The stone wall, on the right, zigzags toward the north. Two very large upright boulders are in the low wall by the porch. They look like sculptural elements, but in fact are shim, put there to fill in the wall to meet pool safety requirements. One is covered with a luxuriant purple clematis, while the wall sports two fragrant Hall’s honeysuckle vines, favored by Ms. Ross’s daughter. Further to the north on the wall are climbing hydrangeas.

Enclosing the space at the far end is a stone bench, mimicking the wall. It is also well-detailed and heavily planted. A hawthorn and crab apple, both on the property when the land was purchased, were transplanted to cast shade on the bench. A grass opening to the west leads to an unplanted area, looking over the field toward Wainscott Pond in the distance. Closing the space as you return to the house is the curved bed of rugosa roses and summersweet.

Most of the flowering plants near the house are white. “Color doesn’t work well in this kind of landscape,” Mr. Piazza said. White also has a calming effect, and they wanted to create a peaceful atmosphere. Under a young shade tree by the patio is a mass of one of my favorite "grass" plants, snowy wood rush, Luzula nivea. It has soft white flowers that persist for a long period and graceful hairy soft green blades that glitter when hit by the sun. Widely used in England and Europe in shady spots, Luzula nivea deserves to be more widely used here, as well.

Color is largely reserved for containers. Ms. Ross’s favorite colors for containers are purple, blue, a maroon-like red, and orange. One year the large pots on the porch were filled with the vivid orange/red of Begonia boliviensis, while last summer they were nearly black with ornamental millet for height and the rex begonia vine as a skirt.

The parts of the garden that most engage Ms. Ross are a large vegetable garden — the only part fenced to keep deer out — and the beehives. She began growing vegetables in containers and, she said, they “kept growing. The kids like it.” But I suspect that even without the kids, Ms. Ross would covet the vegetable garden. This will be her fourth season caring for bees, and last year 230 pounds of honey was harvested. One year Marilee Foster, a neighbor, grew millet in a field nearby, which made the honey particularly memorable.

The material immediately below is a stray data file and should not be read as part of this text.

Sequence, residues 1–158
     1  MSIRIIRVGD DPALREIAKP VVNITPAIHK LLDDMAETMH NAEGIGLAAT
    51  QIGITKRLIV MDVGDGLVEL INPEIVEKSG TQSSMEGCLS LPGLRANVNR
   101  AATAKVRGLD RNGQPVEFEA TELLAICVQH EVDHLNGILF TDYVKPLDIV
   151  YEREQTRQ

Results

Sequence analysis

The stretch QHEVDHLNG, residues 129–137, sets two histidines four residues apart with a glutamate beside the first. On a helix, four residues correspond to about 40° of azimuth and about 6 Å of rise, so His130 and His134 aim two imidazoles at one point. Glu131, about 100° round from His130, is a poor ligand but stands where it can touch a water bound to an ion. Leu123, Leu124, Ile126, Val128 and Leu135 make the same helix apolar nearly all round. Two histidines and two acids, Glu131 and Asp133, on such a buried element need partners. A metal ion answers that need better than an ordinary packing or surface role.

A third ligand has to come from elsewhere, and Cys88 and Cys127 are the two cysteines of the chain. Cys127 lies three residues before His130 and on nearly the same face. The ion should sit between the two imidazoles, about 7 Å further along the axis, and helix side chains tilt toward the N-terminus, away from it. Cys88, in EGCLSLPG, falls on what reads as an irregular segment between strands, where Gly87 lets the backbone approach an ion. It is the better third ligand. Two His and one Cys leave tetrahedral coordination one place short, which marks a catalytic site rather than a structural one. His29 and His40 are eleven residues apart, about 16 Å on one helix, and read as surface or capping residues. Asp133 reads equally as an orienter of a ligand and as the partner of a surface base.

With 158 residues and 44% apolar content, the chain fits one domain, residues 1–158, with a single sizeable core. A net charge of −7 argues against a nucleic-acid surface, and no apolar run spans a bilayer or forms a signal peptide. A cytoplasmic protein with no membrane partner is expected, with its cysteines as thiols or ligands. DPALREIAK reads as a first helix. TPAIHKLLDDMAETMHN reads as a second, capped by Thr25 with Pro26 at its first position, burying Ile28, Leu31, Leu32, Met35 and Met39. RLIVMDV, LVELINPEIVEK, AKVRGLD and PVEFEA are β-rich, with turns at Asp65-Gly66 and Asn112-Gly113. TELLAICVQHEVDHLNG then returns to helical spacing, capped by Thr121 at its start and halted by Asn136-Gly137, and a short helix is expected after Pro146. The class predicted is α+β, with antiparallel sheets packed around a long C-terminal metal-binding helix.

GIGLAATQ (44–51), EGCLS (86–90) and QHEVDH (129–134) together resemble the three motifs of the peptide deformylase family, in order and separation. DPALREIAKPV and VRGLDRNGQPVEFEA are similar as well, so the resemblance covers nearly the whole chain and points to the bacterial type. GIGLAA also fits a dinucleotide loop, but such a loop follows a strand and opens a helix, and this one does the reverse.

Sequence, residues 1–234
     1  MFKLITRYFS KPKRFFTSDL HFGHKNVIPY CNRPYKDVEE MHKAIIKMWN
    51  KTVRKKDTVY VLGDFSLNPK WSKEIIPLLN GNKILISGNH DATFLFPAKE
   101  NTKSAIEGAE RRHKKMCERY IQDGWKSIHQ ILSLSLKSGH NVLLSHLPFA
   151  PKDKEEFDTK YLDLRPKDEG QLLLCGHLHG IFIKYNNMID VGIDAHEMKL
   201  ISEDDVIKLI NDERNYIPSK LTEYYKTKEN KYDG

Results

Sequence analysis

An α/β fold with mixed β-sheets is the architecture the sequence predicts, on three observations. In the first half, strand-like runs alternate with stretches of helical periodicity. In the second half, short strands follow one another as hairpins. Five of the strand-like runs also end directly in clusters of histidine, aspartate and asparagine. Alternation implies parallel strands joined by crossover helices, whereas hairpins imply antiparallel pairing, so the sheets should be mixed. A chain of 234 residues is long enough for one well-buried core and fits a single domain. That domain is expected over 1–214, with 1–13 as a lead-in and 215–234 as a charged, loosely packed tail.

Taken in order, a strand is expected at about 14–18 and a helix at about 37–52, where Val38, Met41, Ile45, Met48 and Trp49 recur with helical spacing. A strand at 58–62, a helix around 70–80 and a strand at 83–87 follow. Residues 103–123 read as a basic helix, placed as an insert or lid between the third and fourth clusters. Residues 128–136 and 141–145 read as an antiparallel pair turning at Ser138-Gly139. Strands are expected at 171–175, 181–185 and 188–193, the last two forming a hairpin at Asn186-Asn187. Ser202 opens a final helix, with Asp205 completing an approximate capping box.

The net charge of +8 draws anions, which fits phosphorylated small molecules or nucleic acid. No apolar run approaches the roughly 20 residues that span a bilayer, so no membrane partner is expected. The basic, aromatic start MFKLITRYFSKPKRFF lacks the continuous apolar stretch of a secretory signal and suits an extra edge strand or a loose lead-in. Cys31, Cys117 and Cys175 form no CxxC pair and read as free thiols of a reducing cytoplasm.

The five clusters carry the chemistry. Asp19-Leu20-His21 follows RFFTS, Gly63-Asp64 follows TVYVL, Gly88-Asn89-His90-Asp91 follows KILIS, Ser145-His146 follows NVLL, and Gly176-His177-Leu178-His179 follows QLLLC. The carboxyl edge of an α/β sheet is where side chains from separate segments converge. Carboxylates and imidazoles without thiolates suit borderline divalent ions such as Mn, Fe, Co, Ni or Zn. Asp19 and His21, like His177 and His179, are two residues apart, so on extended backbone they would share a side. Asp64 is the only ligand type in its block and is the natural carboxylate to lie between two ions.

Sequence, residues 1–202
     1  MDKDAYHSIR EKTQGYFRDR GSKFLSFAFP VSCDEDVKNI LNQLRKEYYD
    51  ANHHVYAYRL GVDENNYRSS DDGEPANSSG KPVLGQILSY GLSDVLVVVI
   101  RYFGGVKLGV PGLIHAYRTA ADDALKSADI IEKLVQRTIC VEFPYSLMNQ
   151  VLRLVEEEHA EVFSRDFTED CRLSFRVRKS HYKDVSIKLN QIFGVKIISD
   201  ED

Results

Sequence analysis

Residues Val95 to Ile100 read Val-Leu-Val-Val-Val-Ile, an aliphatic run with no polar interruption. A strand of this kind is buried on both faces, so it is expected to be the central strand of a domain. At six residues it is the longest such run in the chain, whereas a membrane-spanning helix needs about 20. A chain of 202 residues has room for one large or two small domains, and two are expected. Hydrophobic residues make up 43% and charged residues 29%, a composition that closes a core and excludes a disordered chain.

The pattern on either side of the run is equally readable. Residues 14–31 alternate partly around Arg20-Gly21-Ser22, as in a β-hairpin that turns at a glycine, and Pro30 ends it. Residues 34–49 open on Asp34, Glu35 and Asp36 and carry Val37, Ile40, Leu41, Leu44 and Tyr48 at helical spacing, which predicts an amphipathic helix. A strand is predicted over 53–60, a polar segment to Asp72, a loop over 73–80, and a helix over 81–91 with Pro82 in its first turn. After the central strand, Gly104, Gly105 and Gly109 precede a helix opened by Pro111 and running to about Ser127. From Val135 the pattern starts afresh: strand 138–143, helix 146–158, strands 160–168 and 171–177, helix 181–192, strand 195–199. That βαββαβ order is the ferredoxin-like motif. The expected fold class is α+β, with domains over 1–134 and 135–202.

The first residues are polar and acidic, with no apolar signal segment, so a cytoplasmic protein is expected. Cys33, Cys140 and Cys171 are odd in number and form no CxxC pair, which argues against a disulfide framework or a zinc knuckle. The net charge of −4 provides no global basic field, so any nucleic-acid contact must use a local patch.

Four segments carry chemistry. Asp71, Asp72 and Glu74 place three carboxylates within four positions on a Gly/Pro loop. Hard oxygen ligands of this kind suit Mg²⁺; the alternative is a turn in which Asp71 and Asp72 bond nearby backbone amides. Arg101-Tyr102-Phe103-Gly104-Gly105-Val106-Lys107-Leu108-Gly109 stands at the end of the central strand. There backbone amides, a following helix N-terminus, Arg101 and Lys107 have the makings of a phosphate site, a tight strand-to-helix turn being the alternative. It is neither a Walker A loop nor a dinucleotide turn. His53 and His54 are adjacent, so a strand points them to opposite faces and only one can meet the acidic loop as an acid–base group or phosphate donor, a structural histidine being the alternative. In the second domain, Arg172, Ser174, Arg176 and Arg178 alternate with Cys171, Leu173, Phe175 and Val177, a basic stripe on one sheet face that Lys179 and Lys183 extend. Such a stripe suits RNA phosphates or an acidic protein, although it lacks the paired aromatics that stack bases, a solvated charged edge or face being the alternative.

Every property has its own challenges and this one is no different. The water table is very high and drainage was a problem. Mr. Piazza explained that a layer of sand was placed above the water table and below the topsoil. The drainage moves horizontally through the sand, seeping into the water table, a technique he calls horizontal wicking. “This is what sets up the success of everything you see,” he said.

In a refrain often heard from gardeners with maturing gardens, “We tend not to put in many plants any more,” Ms. Ross said. “During the last five years we mostly have taken things out. Less is more.”

Perhaps less is more is what creates both the harmony and satisfying tension between the details of the Japanese-inflected designed intimate spaces in the garden and the wide-open flat landscape of Wainscott with its huge sky and dramatic sunsets.

Calming white flowers fill beds by the house, where a glass wall reflects the landscape.
LongHouse Photos
A stone bench and well-detailed boulder plantings, shown in a side view above, echo the adjacent wall.